Perhaps the most notable piece of legislation under consideration this interim will be Indiana’s Medical Malpractice Act. Per House Resolution 79, the Interim Study Committee on Courts and Judiciary will study the Act and “whether the cap on the damages should be increased and any potential changes or improvements to the medical review panel process that may improve and streamline the process.” During the 2015 session, IHA expressed its support for House Bill 1043, which would have increased the caps on damage awards in the interest of protecting the Act from various challenges. The bill passed the House Judiciary Committee but did not advance further.
There are several other topics that are set to be studied throughout the summer interim. The Interim Study Committee on Public Health, Behavioral Health and Human Services will be discussing needle distribution and collection programs as part of a comprehensive response to reducing disease transmission due to intravenous drug use. The study must include a review of the appropriate criminal penalties for drug offenses and drug paraphernalia-related offenses and the use of problem-solving courts. (Source: SEA 461-2015). They will also be looking at the report of the Department of Insurance required by HEA 1269-2015 SECTION 31, which covers IDOI’s consumer complaint process, current definitions in accident and sickness insurance policies and health maintenance organization contracts for “investigatory,” “experimental” or similar terms used for denials of claims and various other topics.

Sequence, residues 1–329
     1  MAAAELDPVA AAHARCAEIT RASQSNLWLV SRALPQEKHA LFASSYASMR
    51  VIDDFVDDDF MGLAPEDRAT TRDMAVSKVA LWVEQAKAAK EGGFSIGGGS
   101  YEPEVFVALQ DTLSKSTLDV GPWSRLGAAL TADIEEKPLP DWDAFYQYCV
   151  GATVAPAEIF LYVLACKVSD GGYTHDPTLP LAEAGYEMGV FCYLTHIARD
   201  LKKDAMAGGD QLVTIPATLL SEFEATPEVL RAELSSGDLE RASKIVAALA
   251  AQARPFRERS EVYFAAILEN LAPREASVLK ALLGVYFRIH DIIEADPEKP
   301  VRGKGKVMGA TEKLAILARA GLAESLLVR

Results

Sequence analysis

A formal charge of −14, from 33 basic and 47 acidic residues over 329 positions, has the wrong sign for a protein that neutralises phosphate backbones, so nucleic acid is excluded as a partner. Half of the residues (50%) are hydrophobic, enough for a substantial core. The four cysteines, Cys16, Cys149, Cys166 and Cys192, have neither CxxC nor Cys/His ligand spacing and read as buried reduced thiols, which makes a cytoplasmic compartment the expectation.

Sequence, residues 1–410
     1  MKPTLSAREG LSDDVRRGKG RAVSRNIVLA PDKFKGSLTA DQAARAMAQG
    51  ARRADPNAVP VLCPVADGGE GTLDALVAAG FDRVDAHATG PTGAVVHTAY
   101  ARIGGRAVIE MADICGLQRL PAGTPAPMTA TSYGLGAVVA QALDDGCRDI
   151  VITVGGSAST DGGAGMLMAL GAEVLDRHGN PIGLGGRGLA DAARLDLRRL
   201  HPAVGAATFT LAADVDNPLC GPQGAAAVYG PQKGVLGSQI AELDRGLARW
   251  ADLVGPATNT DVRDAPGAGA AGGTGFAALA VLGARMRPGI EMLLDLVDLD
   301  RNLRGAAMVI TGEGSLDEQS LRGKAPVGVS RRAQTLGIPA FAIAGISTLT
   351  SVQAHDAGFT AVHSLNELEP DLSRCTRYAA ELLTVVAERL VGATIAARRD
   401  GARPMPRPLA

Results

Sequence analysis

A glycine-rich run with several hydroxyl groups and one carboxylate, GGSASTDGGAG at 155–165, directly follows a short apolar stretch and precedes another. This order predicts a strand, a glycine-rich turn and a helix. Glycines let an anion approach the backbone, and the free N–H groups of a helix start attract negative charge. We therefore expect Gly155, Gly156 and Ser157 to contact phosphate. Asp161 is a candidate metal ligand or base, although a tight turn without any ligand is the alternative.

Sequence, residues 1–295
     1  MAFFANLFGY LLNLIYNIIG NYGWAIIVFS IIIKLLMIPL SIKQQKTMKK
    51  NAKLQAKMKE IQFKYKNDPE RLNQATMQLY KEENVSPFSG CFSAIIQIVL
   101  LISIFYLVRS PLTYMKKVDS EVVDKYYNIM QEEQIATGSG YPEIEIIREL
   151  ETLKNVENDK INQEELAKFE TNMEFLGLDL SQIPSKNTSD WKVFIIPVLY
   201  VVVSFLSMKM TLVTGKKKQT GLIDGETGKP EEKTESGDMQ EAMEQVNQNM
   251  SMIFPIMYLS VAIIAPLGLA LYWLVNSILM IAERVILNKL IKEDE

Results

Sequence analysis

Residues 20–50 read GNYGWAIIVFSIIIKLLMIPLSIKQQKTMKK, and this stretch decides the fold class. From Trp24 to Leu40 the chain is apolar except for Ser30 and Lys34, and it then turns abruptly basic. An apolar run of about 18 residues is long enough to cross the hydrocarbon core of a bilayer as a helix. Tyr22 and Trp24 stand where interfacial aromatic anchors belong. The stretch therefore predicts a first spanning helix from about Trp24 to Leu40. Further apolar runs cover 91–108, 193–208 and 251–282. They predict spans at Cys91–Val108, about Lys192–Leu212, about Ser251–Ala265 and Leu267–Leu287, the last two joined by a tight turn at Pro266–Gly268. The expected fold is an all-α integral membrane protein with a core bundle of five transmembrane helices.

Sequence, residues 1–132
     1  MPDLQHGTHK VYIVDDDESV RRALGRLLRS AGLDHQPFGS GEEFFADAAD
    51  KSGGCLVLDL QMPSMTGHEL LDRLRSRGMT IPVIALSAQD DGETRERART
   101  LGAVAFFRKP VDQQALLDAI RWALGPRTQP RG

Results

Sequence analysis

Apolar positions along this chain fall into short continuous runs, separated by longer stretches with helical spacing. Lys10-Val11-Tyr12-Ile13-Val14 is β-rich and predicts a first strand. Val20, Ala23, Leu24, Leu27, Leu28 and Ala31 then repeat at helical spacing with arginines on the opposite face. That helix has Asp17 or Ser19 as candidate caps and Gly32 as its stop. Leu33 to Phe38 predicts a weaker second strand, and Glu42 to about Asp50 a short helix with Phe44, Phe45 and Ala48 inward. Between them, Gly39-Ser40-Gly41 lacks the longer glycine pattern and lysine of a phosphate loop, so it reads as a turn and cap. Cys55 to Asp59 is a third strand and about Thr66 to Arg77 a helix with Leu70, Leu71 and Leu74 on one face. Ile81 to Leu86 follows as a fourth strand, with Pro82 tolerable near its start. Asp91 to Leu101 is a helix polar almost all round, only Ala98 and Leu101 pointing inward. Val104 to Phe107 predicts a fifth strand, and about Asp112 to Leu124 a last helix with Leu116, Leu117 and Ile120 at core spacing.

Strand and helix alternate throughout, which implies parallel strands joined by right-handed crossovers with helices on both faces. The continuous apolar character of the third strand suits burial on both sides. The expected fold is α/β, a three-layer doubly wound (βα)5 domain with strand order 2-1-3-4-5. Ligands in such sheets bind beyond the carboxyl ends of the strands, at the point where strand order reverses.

The Interim Study Committee on Corrections and Criminal Code will be looking at several issues related to adult and protective service laws, and the Interim Study Committee on Public Policy will be spending time discussing many issues regarding cigarettes and other tobacco-based products.
While not directly associated with any particular study committee, various reports scheduled to be prepared and released before the end of 2015 will be of great interest to IHA, and we plan to watch these closely. The reports will cover recommendations on changes in the preadmission screening process (PAS/PASRR), data on presumptive eligibility in HIP 2.0 and topics such as child abandonment and the feasibility of newborn safety incubators (so-called “baby boxes”).
In the midst of discussions surrounding child abandonment and the feasibility of newborn safety incubators, IHA and other potential stakeholders will be developing Hoosier Safe Haven, a campaign committed to raising awareness of Indiana’s Safe Haven Law to citizens across the state. The Safe Haven Law states that a parent, family member, friend, minister or priest, social worker or any other responsible adult can anonymously give up an unwanted infant to a hospital emergency room, EMS provider, fire station or police station in Indiana without fear of arrest or prosecution. Because Indiana’s Safe Haven Law was passed 14 years ago, IHA recognizes a lack of awareness and understanding of the law throughout the state. In response to this growing need for public awareness, IHA will work with members and partners to help educate Indiana residents on the importance of this law.
Read the full Legislative Session Report.